We only play four games a week but it's amazing how much they want you to throw. For instance, I started a game and went seven innings on a Tuesday. Friday I worked two frames and another inning on Saturday. After a day off, they wanted me to pitch again on Monday and I was making my next start on Wednesday! My arm recovers well and I've never had arm trouble but I had to decline on the last relief appearance. Of course that cost me a little cash but I'd never been asked to handle that kind of a workload.
I thought this was real weird the first time I saw it, actually I still do. Try to picture this. There was a runner at second base and the pitcher, in the stretch, leans in to get the sign. Before the catcher goes through his series of signals, the pitcher takes his right hand and gives the catcher a sign on his lead arm, out of sight from the base runner. He gives his battery mate one, two, three, four or five fingers to tell him which sign, during the series, will be the pitch they will throw. For instance, it the pitcher shows the catcher two fingers, then the catcher's second sign will be the pitch they must agree on. Of course the hitter can see this. What I cannot figure out is why the hitter wouldn't make a couple of practice swings to alert the runner at second base that the second sign is on, then the runner could relay the pitch back to the hitter. After seeing this a few times I asked why the batter and runner didn't work in sync to know what pitch was coming. I continue to be told that crazy notion would be âdishonorable.â
Many rules here are very different. If you hit a batter in the head you are ejected, no questions asked. It makes no difference whether it's a breaking ball or change-up, bases loaded-it doesn't matter, you're gone.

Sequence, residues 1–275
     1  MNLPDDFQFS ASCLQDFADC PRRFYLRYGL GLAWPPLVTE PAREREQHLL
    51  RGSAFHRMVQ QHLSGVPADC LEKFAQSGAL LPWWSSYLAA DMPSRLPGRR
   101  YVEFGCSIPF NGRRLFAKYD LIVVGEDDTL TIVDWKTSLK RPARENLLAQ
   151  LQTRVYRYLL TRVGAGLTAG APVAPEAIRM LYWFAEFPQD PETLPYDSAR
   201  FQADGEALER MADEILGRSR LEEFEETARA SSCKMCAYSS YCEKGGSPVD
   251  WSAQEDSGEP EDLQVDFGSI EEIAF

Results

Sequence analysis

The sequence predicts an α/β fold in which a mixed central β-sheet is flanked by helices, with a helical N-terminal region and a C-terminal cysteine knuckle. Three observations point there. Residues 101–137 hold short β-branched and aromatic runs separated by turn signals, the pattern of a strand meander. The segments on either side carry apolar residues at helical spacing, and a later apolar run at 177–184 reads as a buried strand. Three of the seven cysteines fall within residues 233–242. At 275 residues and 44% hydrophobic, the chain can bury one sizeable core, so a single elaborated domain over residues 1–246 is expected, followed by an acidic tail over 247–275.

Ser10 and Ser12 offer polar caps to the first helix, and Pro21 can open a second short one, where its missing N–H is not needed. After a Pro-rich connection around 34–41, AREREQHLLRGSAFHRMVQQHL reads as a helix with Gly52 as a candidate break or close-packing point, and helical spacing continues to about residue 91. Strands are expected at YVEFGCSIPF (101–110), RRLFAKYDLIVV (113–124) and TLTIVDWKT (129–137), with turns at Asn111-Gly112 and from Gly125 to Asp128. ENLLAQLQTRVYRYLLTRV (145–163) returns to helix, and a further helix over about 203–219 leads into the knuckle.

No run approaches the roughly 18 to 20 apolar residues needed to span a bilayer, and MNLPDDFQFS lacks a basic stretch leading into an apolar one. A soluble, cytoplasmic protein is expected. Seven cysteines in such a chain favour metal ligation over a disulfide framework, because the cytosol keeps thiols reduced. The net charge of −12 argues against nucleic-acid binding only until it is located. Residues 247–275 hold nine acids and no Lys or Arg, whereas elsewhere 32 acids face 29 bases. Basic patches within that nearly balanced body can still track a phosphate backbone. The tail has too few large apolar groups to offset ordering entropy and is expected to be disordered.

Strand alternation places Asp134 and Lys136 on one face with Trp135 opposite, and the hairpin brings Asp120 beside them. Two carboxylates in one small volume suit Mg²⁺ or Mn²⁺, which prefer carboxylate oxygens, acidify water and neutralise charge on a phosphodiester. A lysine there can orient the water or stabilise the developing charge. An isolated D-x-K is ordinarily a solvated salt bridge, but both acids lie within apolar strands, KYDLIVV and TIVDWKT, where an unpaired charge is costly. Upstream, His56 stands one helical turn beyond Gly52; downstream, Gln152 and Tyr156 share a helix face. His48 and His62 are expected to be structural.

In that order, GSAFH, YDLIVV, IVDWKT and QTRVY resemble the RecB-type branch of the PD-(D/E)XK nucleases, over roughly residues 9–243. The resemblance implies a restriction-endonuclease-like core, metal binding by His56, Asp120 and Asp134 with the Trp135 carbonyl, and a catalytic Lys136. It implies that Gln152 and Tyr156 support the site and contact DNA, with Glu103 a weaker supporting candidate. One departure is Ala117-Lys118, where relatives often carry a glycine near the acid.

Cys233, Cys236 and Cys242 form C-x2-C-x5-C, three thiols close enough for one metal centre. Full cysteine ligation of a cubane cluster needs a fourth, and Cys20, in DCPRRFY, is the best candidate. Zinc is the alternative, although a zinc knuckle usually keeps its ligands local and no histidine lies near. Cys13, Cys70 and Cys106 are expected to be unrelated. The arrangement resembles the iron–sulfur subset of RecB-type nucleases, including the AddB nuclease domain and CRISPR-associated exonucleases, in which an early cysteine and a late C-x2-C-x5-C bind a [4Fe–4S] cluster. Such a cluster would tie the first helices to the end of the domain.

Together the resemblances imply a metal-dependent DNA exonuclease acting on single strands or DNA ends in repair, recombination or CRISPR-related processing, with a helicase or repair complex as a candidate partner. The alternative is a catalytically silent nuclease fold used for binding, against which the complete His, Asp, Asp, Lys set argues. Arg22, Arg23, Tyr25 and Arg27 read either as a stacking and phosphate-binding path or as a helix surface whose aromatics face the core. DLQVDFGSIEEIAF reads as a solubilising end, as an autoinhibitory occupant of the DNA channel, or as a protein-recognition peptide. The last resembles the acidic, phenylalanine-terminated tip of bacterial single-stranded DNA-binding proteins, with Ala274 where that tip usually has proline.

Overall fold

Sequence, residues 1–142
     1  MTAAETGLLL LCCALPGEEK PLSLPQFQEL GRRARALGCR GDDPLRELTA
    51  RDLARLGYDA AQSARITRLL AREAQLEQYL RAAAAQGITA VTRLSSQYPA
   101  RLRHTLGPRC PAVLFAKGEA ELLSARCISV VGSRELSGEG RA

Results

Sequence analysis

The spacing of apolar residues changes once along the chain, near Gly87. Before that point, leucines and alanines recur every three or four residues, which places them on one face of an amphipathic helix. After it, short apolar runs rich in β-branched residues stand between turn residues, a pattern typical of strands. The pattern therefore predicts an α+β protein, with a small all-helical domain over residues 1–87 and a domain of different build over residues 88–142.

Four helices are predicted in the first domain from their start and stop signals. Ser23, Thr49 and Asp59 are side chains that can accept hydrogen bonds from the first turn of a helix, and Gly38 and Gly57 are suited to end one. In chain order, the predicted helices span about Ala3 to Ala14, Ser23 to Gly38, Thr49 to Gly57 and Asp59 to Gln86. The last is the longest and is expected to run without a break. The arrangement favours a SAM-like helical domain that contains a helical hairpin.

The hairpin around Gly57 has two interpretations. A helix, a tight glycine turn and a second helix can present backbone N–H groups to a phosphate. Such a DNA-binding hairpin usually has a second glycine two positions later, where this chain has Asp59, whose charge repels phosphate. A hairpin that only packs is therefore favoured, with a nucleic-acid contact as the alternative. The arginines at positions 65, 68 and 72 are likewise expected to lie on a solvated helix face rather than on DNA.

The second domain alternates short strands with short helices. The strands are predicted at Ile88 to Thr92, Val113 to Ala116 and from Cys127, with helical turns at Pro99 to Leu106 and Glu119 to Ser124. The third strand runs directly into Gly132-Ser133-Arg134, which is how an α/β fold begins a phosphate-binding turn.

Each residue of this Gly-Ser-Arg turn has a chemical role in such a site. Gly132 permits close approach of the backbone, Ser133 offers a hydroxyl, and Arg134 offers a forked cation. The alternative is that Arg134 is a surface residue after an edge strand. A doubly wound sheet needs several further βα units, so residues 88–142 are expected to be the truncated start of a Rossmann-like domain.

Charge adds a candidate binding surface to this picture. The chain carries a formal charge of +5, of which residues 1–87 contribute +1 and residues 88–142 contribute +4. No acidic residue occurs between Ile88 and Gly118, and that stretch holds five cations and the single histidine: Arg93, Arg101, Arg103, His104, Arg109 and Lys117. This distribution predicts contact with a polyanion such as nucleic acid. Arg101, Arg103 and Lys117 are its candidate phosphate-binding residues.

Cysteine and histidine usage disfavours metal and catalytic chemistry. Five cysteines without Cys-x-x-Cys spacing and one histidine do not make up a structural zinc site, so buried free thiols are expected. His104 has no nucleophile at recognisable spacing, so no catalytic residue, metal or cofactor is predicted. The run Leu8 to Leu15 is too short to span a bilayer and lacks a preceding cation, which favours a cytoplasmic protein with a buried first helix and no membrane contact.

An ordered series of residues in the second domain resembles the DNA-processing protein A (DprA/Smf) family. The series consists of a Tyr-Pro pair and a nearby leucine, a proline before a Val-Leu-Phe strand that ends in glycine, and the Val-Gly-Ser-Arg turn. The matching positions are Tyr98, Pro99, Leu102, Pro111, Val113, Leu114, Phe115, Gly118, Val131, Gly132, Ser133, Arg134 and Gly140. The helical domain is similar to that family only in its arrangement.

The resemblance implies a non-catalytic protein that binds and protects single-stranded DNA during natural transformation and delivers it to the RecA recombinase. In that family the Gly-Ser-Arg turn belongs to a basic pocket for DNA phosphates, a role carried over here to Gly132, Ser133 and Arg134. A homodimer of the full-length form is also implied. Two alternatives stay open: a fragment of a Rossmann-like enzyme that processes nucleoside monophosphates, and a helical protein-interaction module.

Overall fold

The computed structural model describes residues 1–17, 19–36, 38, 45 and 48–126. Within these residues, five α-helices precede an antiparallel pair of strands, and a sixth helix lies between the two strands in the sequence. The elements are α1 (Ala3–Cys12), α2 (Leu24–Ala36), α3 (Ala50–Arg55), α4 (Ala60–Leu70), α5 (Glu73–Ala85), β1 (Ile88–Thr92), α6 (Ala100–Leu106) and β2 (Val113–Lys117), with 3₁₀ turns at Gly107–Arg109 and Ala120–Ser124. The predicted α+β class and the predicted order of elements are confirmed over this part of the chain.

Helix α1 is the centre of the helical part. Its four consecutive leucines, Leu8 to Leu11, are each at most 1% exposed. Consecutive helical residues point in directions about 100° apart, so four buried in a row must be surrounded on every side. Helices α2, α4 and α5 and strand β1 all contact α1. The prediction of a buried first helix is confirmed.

Some other things you mind find interesting may be that we only get four warm-up pitches before an inning begins instead of the customary eight. Pitching coaches can visit a pitcher three times in an inning if he wants. On the fourth visit in a game that pitcher must be removed. He can visit the reliever four times too. Here's the thing though. If a catcher visits the mound, it counts as a half-visit. If the pitcher is near home plate and speaks to the catcher, that is a half-visit too! Crazyâ¦
It's also interesting to be involved in a mound visit with the coach, the catcher and interpreter. I've played in Spanish countries and for Spanish coaches. We were always able to communicate without a third party. Over here I have come to rely heavily on that guy!
It's also disrespectful to bowl over a catcher. There is no rule against it but no one does it.
One last funny story, although it was not comical at the time. I've never been a big âdipperâ but I do like my sunflower seeds. There is a rule here that you cannot have anything in your mouth, nothing, not even gum. It doesn't matter if you are on the mound or in the dugout. The first day I was here, I was hanging out with some other pitchers in the bullpen just trying to figure out what the heck was going on, with the bands, the bowing, all that stuff. I had some seeds in, no big deal, right? All of a sudden, some little guy runs downs there and hollers at my teammates, âTell that foreigner to get that stuff out of his mouth!â I later found out that message came from the owner.
Right then and there, I knew I was in for more than just culture shock.
I have really enjoyed my experience in Taiwan so far. I really miss my newborn baby girl and my wife but they understand that daddy is a baseball player. Playoffs crank up for us during the middle of October. We have a very good team and I think we'll do well. I'm told the post-season can be a lot of fun. One thing is for sure, until I hop on that plane, there is a real good chance I'll see more things I've never seen before!
In a country that worships Buddha, eats with chopsticks, rides mopeds instead of cars and serves rice burgers at McDonalds, the biggest adjustments I've had to make have been in baseball. All my life I've been told that the game is one of constant adjustments; I just didn't know it could be this dramatic!
Note: Billy Sylvester grew up in Florence and attended high school at Hudgens Academy. Following his prep career, Sylvester enjoyed a record-setting stint at Spartanburg Methodist College. A year later, he was signed out of a tryout camp as a free agent by Atlanta and ended up spending seven years in the Braves organization, one with the Athletics and one with the Nationals.